Bad faith is the unreasonable failure of an insurance company to honor the terms of an insurance policy and deal with a policyholder in good faith. Insurance companies who are found to have acted in bad faith can be liable for punitive damages in addition to contract damages. Some states have bad faith statutes called "Unfair Insurance Claims Practices Acts."
Client Sues ACE Over Workers’ Comp Payout Dispute
August 3rd, 2015 - A manufacturer is taking ACE American Insurance Co. to court over its position that the insurer is improperly accounting for funds received as part of a workers’ compensation claim.
The complaint against ACE arises from the March 14th, 2011 workplace injury of a Standex International Corp. employee referred to as John Doe.
Once the worker was hurt, Salem, N.H.-based Standex invoked its workers’ compensation and employers liability policy it had purchased from the ACE Group unit.
By early this year, claims paid to the Massachusetts-based worker totaled $443,000. At that time, Standex said $253,500 had been recouped by way of lien rights on a third party.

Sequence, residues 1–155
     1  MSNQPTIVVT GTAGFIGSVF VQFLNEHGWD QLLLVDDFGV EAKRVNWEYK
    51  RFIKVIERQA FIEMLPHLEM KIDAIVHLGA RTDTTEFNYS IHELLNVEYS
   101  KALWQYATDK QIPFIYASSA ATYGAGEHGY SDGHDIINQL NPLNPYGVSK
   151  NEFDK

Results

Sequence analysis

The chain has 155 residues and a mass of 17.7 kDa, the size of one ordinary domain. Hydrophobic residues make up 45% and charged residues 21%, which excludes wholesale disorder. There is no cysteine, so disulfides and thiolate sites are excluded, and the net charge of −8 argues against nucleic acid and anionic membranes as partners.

While the policy calls for ACE to handle all claims, an endorsement to the contract requires Standex to reimburse the insurer the first $500,000 of any claim.
In effect, then, Standex said that ACE took the position that a lien recovery would benefit the manufacturer only to the extent that lien funds remained after ACE had reimbursed itself for amounts paid in excess of the deductible.
However, said Standex, language in the deductible endorsement favors Standex, since it provides that the deductible is satisfied once ACE has made claim payments in the amount of the deductible.
“There is no policy provision stating that, for purposes of the deductible, lien recoveries are to be applied first and foremost to reduce the loss exposure of ACE at the potential expense of Standex,” stated the lawsuit.
The case remains open, and Standex said that it anticipates that the total payout will be such that the way the lien recovery is allocated will significantly affect the amount it pays under the endorsement.
ACE has asserted its priority position without citing any language in the policy that allows that, said Standex, and it has asked a New Hampshire state court to order that the policyholder has priority.
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